Sonar & the USCG
The USCG Plans to Widen its use of the subsea surveillance technology. The question is: is the investment warranted?
The U.S. Coast Guard is planning to widely use sonar to support its maritime security and marine environmental protection missions. The agency currently has limited capability to detect objects below the water’s surface and relies on others (such as the U.S. Navy or the commercial sector) when such detection is needed.
Sonar is an acronym for Sound Navigation and Ranging. The principle is similar to radar, used in the atmosphere. While radar uses radio waves, sonar relies on sound waves, which propagate much better than radio waves do in water. There are two major types of sonar – passive and active. Passive sonar only listens, detecting sounds made by vessels, persons, fish and other things in the water, or the water itself (e.g., waves). Active sonar transmits a sound signal that then is reflected off an object within range and returns to the transducer. Measuring the time difference between transmission and reception provides an indication of the range of the target. Measuring the angle of the received signal provides an indication of the direction of the target.
Sonar transmissions are made in a variety of frequencies, depending upon the intended purpose. Low frequency transmissions have the advantage of very long range. On the other hand, these sonar transmissions can only detect very large objects and with minimal accuracy relative to range or bearing. Mid-frequency transmissions have a range measured in miles and are able to detect objects such as submarines and large whales with good accuracy relative to range and bearing. This is the type of sonar utilized almost exclusively by the military, having virtually no commercial application. High frequency and ultra-high frequency sonar transmissions have a short range, but are able to detect small objects. This type of sonar is utilized commercially and is the type under consideration by the Coast Guard.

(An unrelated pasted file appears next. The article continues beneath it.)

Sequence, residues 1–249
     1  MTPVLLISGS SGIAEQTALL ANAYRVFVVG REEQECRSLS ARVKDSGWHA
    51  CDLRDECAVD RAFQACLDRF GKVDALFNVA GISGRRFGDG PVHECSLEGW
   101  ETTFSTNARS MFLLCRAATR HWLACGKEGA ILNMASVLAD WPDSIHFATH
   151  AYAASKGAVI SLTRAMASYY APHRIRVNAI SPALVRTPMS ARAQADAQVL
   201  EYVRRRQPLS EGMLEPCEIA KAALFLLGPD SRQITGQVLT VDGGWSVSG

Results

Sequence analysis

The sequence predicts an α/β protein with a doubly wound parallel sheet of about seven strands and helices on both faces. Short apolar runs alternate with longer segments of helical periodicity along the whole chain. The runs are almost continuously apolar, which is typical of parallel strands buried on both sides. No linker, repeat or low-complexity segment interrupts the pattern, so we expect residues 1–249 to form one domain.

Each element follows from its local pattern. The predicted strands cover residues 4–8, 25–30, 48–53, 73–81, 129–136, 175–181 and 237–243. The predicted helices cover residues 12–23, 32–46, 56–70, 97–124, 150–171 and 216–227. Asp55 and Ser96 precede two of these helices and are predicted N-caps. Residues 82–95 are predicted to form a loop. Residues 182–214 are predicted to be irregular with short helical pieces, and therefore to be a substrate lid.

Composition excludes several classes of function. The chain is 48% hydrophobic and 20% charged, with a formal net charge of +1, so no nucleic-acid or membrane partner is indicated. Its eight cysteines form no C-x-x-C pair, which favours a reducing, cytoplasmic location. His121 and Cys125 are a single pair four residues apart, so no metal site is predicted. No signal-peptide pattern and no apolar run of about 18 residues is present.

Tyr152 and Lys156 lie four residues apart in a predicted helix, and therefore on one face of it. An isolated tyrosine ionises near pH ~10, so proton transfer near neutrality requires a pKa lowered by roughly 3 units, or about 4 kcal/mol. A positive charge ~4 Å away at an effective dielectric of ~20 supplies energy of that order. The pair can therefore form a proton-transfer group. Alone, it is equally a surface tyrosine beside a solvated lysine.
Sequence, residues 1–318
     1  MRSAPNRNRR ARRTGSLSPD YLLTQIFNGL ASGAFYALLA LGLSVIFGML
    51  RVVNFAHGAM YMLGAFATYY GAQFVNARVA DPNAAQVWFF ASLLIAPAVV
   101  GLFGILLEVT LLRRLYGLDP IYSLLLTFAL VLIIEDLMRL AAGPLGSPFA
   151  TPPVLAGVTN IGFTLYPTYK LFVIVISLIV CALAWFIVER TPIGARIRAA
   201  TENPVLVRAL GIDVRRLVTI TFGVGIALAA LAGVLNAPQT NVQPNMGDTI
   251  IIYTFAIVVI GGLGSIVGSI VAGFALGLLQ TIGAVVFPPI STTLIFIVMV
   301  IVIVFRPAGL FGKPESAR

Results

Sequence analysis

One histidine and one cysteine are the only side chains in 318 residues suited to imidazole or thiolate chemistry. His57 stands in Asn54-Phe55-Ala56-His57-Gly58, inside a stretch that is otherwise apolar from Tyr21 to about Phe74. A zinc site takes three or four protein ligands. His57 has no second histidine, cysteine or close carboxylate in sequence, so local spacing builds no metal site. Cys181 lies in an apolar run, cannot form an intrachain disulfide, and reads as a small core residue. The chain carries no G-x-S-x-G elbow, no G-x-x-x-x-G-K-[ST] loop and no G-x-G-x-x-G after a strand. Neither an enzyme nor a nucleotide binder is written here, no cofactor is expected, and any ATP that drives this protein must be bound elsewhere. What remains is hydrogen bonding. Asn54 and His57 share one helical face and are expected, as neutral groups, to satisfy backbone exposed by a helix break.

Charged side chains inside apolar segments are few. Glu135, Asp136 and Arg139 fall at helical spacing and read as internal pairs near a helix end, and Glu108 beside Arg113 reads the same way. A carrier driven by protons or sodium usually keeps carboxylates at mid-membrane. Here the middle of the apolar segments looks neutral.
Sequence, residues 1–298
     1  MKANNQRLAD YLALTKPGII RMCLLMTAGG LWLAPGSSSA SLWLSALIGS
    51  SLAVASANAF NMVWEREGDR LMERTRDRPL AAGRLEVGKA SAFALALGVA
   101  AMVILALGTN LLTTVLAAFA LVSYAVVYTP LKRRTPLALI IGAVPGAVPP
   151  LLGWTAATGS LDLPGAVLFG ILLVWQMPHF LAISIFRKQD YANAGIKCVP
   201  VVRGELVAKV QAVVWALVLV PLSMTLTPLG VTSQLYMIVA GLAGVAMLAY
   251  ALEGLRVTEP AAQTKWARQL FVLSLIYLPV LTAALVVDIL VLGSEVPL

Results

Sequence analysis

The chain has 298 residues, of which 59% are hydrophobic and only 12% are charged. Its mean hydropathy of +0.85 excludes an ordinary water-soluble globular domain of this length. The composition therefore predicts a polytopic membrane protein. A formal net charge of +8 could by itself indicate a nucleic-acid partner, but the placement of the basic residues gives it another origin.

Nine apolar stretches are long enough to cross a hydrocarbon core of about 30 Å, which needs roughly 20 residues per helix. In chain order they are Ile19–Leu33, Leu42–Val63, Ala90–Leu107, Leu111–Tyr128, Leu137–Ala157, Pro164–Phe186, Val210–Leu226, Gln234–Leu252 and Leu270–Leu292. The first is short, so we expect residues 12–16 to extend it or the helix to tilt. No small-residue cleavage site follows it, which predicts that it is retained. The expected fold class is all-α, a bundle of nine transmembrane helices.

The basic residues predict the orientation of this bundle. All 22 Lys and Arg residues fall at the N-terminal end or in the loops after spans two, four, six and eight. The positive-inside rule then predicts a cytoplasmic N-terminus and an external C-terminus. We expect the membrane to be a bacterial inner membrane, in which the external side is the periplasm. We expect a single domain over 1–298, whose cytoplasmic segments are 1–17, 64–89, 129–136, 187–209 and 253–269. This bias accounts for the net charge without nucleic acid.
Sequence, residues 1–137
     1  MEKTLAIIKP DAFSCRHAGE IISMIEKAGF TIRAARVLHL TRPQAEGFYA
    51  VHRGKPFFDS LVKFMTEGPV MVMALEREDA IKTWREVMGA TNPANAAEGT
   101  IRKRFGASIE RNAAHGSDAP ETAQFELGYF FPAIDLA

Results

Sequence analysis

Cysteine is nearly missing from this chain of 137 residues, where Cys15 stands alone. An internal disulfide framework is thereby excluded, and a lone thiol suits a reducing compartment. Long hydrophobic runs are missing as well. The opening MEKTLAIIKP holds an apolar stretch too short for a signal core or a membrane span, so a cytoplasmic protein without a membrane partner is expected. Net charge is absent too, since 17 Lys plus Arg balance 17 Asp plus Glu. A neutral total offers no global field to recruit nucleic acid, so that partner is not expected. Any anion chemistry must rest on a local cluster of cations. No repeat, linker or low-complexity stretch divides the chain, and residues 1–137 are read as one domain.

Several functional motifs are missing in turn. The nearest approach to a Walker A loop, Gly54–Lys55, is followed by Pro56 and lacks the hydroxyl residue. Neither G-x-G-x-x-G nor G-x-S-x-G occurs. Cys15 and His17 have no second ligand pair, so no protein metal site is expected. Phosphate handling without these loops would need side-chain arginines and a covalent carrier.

Sonar in the form of echo-sounders has been utilized for years by ships to determine the depth of water under the keel. A signal is transmitted straight down. The signal reflects back when it hits the seabed. The time difference provides the operator with an accurate measure of the depth. More sensitive versions are in use as fish finders. These devices differentiate between the strong signal generated by reflections off the seabed and weaker signals generated by reflections off objects in the water column. Sophisticated versions provide more detailed information, allowing determination of the size of the fish school, etc. Sonar transmitters can even be attached to trawl nets, allowing for better placement of the nets relative to the target species. Stronger and more sophisticated sonar can be used to penetrate the upper layer of the seafloor, allowing determination of characteristics such as bottom type (i.e., mud, sand, gravel) and depth to hard strata. This information can prove valuable for determination of anchorage grounds and for laying of submarine cables and pipelines.
Sonar is used commercially to examine hulls, pilings and underwater structures such as offshore platforms. This type of sonar is sometimes handheld by a diver or mounted on the end of a pole. Increasingly, it is mounted on remotely operated vehicles (ROVs) or on unmanned underwater vehicles (UUVs). ROVs have greater capabilities regarding power and data transmission, since they are tethered to a shore location or to a manned vessel. UUVs have less power and data transmission capabilities, but can get into tighter spaces and have longer potential range.
Diver detection sonar is used for detection of divers and submerged swimmer delivery systems, such as those used in several of the James Bond movies. This sonar provides detection, classification and tracking information on human underwater incursions that could endanger lives or property. It is being employed around some marine facilities worldwide, but not yet to a great extent. Limpet mine imaging sonar is used for detection of small underwater objects. Originally used for detection of limpet mines potentially attached to the hulls of ships, it can now be used to detect caches of drugs and other contraband. This type of sonar may also be used to detect hull damage and underwater structural damage.